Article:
Captain Isaac Weaver, I

Ashe County, north carolina

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Isaac Weaver, I

Birthdate: (67)
Birthplace: Lunenburg County, Virginia, Colonial America
Death: 1814 (67)
Staggs Creek, Ashe County, North Carolina, United States
Immediate Family:

Son of Joshua Weaver, I and Rachel Weaver
Husband of Sarah Maxwell
Father of Mary 'Molly' Weaver; Mark Weaver; Joshua Weaver; Isaac Weaver, II; William Weaver and 3 others
Brother of William Weaver; Samuel Weaver; Absalom Weaver; Thomas Weaver; Lucretia Hutson and 4 others

Occupation: captain in American Revolution
Managed by: Francis Gene Dellinger
Last Updated:

About Captain Isaac Weaver, I

  • Birth: 1747 in VA
  • Death: 1814 in NC
  • Father: Joshua Weaver b: 1716 in New Kent, VA Mother: Rachel McDaniel b: BEF. 1730

Event: Veteran Captain in REVOLUTIONARY WAR.

Isaac and his brother William settled at Sycamore Ford [ later renamed Weavers Ford ] in Ashe Co., North Carolina

Marriage 1 Sarah Maxwell b: ABT. 1752 Married: ABT. 1770


The border between Tennessee and North Carolina had not been firmly established when Ashe County was established in 1799. The survey party began their work in Ashe County, and John Preston Arthur in his History of Western North Carolina noted that the survey team spent their first days with Captain Isaac Weaver of northwestern Ashe County. The survey team consisting of General Joseph McDowell, Colonel David Vance and Major Mussendine Matthews, commissioners; John Strother and Robert Henry surveyors, B. Collins, James Hawkins, George Penland, Robert Logan, George Davidson and J. Matthews were the chain bearers. Major James Neely served as the supply officer on the expedition, which began on May 22, 1799 on Pond Mountain. The survey team followed the current border the first day to an extremely dense grove of laurels. (A road was later put in and the area is now called Cut Laurel Gap) an area later famous for illicit moonshine. Running the State Line.— As the Cherokees occupied the territory southwest of the Big Pigeon River in what is now Haywood County, no provision was made for running the line beyond this point. Generally speaking, the line was to follow the tops of the Stone, the Smoky and the Unaka Mountains from Virginia to Georgia, but to be surveyed and marked only from Virginia to the Pigeon. The surveying party consisted of Col. Joseph McDowell, David Vance, Mussendine Matthews, speaker of the House, commissioners. John Strother and Robert Henry were the surveyors. The party met May 19, 1799, at Captain Isaac Weaver's, near what is now Tuckerdale, a station on the new Virginia-Carolina Railway, in Ashe County. The chain bearers and markers were B. Collins, James Hawkins, George Penland, Robert Logan, George Davidson, and J. Matthews. James Neely was commissary. In addition, there were two pack horse men and a pilot. The survey began on the 20th of May and ended the 28th of June, 1799. They camped on the night of the 23d of May in the Cut Laurel Gap, whence they sent John Strother down to David Miller's on Meat Camp to get a young man to act as pilot, but Strother failed to do so, and then went on "to Cove Creek, where I got a Mr. Curtis and met the company in a low gap between the waters of Cove Creek and Roan's Creek, where the road crosses the same." This road must have been the Indian trail which passes over the low gap between what is now Zionville, NC and Trade, TN. Traces of this trail can still be seen to the right of the present wagon road. It was this trail that Boone followed on his first trip to Kentucky. The new pilot was discharged on the 28th because he proved "not to be a woodsman." Col. Vance and Major B. Collins arrived on the 19th, and they all went to Captain Isaac Weaver's. They were General Joseph McDowell, Col. David Vance, Major Mussendine Mathews commissioners; John Strother and Robert Henry, surveyors; Messers. B. Collins, James Hawkins, George Penland, Robert Logan, cc Davidson, and J. Matthews, chain-bearers and markers; Major James Neely, commissary; two pack-horse men and a pilot. They camped that night on Stag creek. On the night of the 23d of May they camped "at a very bad place" in a low gap at the head of Laurel Fork of New river and Laurel Fork of Holston at the head of a branch, "after having passed through extreme rough ground and some bad laurel thickets." Through that laurel thicket, built since the runs from Hemlock postoffice, where there is now a narrow gauge lumber railroad and an extract plant, to Laurel Bloornery, in Tennessee. A small hotel now stands half on the North Carolina and half on the Tennessee side of the line those men then ran, and the gap is called "Cut Laurel" gap because it is literally cut through the laurel for a mile or more. 41 Thousand of gallons of blockade whiskey used to be carried through that gap when there was nothing but a trail there. It is called a low gap, but it is one of the highest in the mountains. On the 28th they went to a Mr. Miller's and got a young man to act as a pilot. Strother went from Miller's. A road now runs "to Cove creek, where a Mr. Curtis and met the company in a low gap between the waters of Cove creek and Roan's creek where the road crosses the same.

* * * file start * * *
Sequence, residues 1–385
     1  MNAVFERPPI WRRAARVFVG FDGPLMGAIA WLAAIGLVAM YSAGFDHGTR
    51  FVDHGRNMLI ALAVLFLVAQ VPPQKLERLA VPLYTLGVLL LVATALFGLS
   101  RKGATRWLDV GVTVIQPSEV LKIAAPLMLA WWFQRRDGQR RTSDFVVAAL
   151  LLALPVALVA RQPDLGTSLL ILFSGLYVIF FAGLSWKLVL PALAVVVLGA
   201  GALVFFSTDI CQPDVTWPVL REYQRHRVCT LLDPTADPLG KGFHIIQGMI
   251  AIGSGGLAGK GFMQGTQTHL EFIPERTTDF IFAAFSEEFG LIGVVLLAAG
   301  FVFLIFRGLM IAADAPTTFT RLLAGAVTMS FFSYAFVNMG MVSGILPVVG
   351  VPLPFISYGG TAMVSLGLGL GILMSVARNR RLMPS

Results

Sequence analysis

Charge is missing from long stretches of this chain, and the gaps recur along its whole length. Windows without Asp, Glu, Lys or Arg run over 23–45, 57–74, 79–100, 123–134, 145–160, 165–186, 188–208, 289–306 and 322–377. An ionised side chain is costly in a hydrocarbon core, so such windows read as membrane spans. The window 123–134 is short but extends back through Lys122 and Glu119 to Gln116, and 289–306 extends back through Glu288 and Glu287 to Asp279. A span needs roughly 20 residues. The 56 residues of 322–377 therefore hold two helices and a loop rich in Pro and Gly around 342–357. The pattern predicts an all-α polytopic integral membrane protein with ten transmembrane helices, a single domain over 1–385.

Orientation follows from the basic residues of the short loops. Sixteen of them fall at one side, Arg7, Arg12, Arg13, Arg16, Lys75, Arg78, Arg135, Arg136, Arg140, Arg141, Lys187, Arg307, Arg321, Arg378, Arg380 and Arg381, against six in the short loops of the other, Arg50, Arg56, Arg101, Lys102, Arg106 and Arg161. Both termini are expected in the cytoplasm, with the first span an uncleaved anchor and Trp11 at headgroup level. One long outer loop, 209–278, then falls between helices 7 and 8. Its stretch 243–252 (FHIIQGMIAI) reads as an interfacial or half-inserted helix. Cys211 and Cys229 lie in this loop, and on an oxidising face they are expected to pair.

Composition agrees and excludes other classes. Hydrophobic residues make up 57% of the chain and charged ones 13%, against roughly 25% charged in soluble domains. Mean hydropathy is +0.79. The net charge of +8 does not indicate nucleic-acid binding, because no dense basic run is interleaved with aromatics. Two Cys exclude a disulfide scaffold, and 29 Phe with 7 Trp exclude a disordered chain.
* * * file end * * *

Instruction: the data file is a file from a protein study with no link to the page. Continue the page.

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Captain Isaac Weaver, I's Timeline

Lunenburg County, Virginia, Colonial America
Age 21
Pittsylvania County, Virginia, Colonial America
Age 23
Age 29
Age 33
Wilkes County, North Carolina, United States
April 1, 1783
Age 36
May 1, 1787
Age 40
November 19, 1790
Age 43
Wilkes, Wilkes, NC, USA
April 5, 1794
Age 47
North Carolina